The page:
June 30, 2014 at 11:29 pm

GM sets no cap on recall victim compensation fund

Kenneth Feinberg (Jessica Hill / AP)

Washington — General Motors Co.’s victim compensation fund — which could face hundreds or even thousands of claims from anyone harmed in a crash in which air bags failed to deploy 2.6 million now-recalled Chevrolet Cobalts, Saturn Ions and other cars — will face significant challenges before it starts accepting claims.

The fund, announced Monday, faces significant questions from a member of Congress, lawyers and safety advocates over how difficult it will be to prove that crashes from a decade ago are linked to defective ignition switches. Some want the fund to accept claims beyond the Dec. 31 deadline. Others believe it should be used to punish GM — or expanded to cover ignition switch problems in other recalled GM cars.

One thing is certain: GM likely won’t get a final tally on victim compensation for a full year.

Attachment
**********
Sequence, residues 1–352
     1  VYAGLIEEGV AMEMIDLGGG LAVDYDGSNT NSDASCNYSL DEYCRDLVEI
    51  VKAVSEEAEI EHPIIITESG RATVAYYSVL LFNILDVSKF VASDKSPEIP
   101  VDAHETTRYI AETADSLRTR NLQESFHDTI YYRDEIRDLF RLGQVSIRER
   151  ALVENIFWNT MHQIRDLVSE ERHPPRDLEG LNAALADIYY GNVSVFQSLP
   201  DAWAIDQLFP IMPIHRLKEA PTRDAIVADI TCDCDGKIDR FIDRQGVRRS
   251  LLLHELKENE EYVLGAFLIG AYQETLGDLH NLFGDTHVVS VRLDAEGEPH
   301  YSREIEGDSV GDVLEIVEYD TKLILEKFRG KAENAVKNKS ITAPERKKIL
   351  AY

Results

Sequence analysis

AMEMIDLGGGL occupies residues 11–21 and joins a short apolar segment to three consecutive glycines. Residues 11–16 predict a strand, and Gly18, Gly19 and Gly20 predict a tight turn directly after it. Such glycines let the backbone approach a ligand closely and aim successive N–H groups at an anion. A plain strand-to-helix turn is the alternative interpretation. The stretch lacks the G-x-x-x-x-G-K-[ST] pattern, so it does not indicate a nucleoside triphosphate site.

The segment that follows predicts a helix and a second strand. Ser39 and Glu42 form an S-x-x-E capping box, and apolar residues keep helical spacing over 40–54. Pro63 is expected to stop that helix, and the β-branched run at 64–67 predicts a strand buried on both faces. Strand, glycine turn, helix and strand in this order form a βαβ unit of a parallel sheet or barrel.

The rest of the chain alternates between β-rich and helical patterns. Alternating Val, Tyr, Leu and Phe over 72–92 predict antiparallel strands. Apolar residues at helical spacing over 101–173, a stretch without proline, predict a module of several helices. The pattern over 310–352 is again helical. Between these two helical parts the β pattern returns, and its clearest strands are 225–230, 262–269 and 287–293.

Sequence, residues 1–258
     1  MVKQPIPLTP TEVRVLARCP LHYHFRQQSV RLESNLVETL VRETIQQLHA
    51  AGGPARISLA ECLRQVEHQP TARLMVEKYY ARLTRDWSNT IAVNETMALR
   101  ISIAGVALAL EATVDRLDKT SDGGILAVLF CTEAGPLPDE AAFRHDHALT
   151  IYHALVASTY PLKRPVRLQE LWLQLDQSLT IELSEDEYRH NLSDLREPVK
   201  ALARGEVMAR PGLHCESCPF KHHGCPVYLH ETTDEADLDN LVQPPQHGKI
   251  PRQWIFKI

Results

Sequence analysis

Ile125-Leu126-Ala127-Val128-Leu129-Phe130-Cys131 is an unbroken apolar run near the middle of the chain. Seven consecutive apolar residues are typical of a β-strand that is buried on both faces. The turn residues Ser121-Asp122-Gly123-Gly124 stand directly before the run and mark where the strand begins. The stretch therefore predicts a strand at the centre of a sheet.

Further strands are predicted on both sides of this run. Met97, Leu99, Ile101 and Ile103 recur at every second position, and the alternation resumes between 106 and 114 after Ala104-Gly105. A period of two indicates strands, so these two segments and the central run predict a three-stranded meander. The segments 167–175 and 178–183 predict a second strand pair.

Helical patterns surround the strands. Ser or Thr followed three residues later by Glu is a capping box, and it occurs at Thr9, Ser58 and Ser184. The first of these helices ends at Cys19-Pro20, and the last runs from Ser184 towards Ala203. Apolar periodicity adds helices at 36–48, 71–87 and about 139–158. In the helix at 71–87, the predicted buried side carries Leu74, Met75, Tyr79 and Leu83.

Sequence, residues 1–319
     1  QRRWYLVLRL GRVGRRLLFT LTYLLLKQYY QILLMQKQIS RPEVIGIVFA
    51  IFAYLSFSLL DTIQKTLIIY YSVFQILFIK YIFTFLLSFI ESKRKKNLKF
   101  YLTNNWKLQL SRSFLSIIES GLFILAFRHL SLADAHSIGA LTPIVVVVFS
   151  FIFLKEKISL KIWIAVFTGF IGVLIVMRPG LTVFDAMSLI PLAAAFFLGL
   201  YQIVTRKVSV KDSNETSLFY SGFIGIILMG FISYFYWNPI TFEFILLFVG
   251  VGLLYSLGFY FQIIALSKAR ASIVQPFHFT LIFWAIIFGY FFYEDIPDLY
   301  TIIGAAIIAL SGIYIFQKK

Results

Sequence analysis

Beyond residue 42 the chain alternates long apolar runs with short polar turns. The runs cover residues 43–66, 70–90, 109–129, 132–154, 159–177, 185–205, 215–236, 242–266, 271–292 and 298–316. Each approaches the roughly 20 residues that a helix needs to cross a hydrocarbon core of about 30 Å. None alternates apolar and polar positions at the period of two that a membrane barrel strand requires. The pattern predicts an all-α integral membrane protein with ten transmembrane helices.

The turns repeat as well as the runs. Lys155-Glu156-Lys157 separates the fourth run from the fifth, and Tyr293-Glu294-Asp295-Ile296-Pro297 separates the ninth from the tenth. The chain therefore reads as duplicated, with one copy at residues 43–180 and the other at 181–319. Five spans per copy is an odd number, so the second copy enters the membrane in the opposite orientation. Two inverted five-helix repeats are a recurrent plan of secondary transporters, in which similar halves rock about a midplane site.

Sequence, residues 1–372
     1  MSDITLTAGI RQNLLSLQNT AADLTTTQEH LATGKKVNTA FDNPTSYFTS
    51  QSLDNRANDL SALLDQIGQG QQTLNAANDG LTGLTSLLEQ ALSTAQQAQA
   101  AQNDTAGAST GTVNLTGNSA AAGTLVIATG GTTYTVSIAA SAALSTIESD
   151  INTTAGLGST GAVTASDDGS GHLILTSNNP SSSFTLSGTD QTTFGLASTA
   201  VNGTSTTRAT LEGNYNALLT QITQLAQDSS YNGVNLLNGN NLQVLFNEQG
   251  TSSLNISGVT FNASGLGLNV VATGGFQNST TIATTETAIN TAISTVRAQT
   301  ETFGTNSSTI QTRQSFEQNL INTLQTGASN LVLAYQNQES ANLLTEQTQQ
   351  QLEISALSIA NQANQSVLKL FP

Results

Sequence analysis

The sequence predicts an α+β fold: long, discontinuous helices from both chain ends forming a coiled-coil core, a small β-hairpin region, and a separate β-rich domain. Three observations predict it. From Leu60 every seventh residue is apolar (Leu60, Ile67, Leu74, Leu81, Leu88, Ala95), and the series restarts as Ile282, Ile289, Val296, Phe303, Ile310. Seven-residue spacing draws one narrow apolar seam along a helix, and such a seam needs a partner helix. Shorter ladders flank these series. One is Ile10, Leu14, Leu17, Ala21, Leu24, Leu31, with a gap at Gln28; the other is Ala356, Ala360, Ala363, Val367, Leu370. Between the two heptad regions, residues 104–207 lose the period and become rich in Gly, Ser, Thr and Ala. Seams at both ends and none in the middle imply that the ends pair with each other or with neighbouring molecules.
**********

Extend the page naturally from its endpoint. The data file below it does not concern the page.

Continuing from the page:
The Detroit automaker will place no overall cap on the compensation fund and will pay “whatever it takes” to resolve all claims, fund administrator Kenneth Feinberg said Monday at a press conference in Washington. He declined to offer any estimate of the total amount that will be paid until claims are reviewed.

“GM understands. GM wants to do the right thing — and the right thing is paying people who can document their claims, and that’s a challenge,” Feinberg said. “I would not dare estimate how many deaths or how many injuries until people file their claim and we evaluate the claim.”